What do a small-town politician, a group fitness manager who moonlights as a nurse, a retired public school administrator and a civil engineer have in common? First, they’re all poker-run organizers. Second, they all gathered last Saturday in Nashville with more than a dozen of their fellow event organizers, and they were joined via video conference by 10 more of their colleagues from around the country.
Third, they all have day jobs. None makes a living as an organizer.
To call this meeting historic is not an exaggeration. Spearheaded by and the Florida Powerboat Club and Poker Runs America, for-profit poker runs have been part of the high-performance powerboating scene since the early 1990s. (Little-known fact: Everglades Marina owner Ralph Martin—the father of Performance Boat Driving School founder Tres Martin—actually began hosting invitational poker runs for his customers in the early 1980s.)
But last weekend’s gathering of independent, primarily single-event poker run organizers from across the nation was the first of its kind.
When meeting attendee John Woodruff, formerly the lead organizer of the Pirates of Lanier Poker Run in Georgia, described poker-run participants as “like-minded individuals with the same passion of raising money for charity” during the meeting, he wasn’t just talking about his former customers. Though he might not have realized it, he was describing everyone in that Hampton Inn conference room.
So what is the American Poker Run Organization beyond the obvious definition of those who participate in it? That’s a fair question, and one that doesn’t answer easily because the group’s objectives and goals are still in formation. You could call it an informal trade group as its members have not decided on any sort of “formal” structure, and they may not actually adopt one.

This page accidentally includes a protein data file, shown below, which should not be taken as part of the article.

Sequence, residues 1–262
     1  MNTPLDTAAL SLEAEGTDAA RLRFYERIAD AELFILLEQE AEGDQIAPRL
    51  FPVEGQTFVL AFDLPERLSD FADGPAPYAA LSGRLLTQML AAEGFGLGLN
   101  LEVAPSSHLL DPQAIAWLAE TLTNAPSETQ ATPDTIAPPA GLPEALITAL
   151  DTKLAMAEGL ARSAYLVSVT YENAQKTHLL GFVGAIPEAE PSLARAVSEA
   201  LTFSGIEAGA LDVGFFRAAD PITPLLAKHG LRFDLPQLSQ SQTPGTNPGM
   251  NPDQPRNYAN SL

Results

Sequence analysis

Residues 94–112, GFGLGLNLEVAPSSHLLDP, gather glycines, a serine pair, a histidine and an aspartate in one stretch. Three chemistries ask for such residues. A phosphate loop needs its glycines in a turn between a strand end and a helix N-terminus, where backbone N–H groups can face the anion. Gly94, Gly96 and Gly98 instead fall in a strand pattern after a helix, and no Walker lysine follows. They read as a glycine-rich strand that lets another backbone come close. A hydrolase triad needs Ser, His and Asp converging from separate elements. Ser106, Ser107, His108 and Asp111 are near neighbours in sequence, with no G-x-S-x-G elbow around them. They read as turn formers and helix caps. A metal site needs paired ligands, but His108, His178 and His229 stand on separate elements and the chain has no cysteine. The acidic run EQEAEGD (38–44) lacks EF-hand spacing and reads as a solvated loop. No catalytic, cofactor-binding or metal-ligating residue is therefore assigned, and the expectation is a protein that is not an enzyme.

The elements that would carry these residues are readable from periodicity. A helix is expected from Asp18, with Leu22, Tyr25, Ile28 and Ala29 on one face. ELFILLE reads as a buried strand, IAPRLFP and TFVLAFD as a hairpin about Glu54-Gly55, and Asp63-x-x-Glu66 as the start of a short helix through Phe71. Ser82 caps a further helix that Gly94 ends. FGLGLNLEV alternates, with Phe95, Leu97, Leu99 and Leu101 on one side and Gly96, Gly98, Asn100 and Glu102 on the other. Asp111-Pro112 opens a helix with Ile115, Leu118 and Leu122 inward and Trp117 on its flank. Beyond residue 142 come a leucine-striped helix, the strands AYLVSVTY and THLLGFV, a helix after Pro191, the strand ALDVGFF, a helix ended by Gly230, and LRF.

But at this point, calling it a cohesive and enthusiastic poker-run organizer “discussion group” would be most accurate.
Or you could just call it brilliant. That’s what I’m calling it, anyway.
For the better part of six hours on a Saturday, I sat spellbound listening to these people talk about their aspirations and challenges. I didn’t know, for example, how tricky it can be to run an event on a U.S. Army Corps of Engineers-created waterway. I didn’t know how events run largely by committee could operate so smoothly and seamlessly, or at least appear that way to an outsider looking in. Now I do.
None of what they do is easy. To a person, they organize events because they love it. They even manage to have a lot of fun along the way.
Whatever this remarkable group becomes, I can promise you that its primary objective is improving the customer experience for its poker-run customers. Saturday’s meeting was not a group of organizers sitting around U-shaped table and complaining. Instead, as Mr. Woodruff put it so well, it was a meeting of “like-minded individuals who share the same passion” discussing the mechanics of event organization and sharing experience-based information and solutions, all with the primary goal of making things better—for you.
Last Saturday’s gathering was a true meeting of the minds. And while it’s just a beginning, the poker-run world is already better for it.
Matt Trulio is an award-winning journalist who has covered the high-performance powerboat world since 1995. He wrote for Powerboat magazine for 17 years and was the magazine’s editor at large until it ceased publication in 2011. Trulio is the founder, editor-in-chief and publisher of speedonthewater.com, a daily news site that covers the high-performance powerboat realm. He’s also the former editor of Sportboat magazine.